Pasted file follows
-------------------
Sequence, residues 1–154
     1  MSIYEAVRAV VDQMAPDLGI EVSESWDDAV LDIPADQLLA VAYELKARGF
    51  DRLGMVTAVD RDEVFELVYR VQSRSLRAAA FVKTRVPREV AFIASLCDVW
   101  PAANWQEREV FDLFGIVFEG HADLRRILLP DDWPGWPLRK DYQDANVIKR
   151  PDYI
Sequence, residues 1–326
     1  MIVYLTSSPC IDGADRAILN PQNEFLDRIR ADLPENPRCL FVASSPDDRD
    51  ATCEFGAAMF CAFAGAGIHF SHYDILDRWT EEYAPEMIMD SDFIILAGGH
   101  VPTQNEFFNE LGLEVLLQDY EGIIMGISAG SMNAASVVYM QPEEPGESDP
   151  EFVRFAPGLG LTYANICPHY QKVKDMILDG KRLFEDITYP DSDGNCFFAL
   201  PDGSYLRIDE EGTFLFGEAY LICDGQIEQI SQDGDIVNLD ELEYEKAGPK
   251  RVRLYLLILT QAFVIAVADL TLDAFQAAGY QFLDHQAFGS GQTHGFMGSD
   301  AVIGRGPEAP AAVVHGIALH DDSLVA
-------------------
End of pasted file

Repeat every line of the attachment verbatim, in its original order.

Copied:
Sequence, residues 1–154
     1  MSIYEAVRAV VDQMAPDLGI EVSESWDDAV LDIPADQLLA VAYELKARGF
    51  DRLGMVTAVD RDEVFELVYR VQSRSLRAAA FVKTRVPREV AFIASLCDVW
   101  PAANWQEREV FDLFGIVFEG HADLRRILLP DDWPGWPLRK DYQDANVIKR
   151  PDYI
Sequence, residues 1–326
     1  MIVYLTSSPC IDGADRAILN PQNEFLDRIR ADLPENPRCL FVASSPDDRD
    51  ATCEFGAAMF CAFAGAGIHF SHYDILDRWT EEYAPEMIMD SDFIILAGGH
   101  VPTQNEFFNE LGLEVLLQDY EGIIMGISAG SMNAASVVYM QPEEPGESDP
   151  EFVRFAPGLG LTYANICPHY QKVKDMILDG KRLFEDITYP DSDGNCFFAL
   201  PDGSYLRIDE EGTFLFGEAY LICDGQIEQI SQDGDIVNLD ELEYEKAGPK
   251  RVRLYLLILT QAFVIAVADL TLDAFQAAGY QFLDHQAFGS GQTHGFMGSD
   301  AVIGRGPEAP AAVVHGIALH DDSLVA